The Cultural Costs of the Conflict in Syria
The war in Syria has displaced more than half the population, and hundreds of thousands of Syrians have been killed. The country’s rich cultural heritage is another victim of the conflict. Syria’s archaeological sites include the ruins of our earliest civilizations and some of the most important cultural centers of the ancient world. ISIS has attacked archaeological sites, including the famous ancient city of Palmyra, with bulldozers and explosives. Bombing, looting, and illegal excavation have wreaked further havoc. Palmyra is one of six UNESCO World Heritage Sites in Syria. All have been damaged or destroyed. What’s been lost and what’s being done to protect the antiquities that remain?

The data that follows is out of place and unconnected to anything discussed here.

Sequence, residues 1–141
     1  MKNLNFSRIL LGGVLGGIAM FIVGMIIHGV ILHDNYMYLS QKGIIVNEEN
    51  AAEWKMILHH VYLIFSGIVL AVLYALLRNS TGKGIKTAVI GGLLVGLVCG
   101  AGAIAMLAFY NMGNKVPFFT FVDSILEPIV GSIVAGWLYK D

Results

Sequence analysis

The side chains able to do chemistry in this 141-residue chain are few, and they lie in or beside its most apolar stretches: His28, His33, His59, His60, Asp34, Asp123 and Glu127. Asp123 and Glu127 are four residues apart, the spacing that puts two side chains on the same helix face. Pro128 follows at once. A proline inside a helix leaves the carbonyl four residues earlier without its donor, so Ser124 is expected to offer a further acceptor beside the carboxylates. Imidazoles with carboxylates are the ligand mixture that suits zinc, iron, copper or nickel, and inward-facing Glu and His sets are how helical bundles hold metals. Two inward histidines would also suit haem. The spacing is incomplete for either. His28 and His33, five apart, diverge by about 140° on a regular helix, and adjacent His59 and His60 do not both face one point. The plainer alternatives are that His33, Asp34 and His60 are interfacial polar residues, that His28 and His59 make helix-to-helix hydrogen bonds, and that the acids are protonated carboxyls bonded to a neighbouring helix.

Guests: Glenn Schwartz, Whiting Professor of Archaeology at Johns Hopkins University and Chair of the Department of Near Eastern Studies; and Amr Al-Azm, associate professor of history and anthropology at Shawnee State University in Ohio. Amr Al-Azm manages the Heritage Protection Initiative for The Day After, an organization dedicated to planning a transition from the current regime in Syria.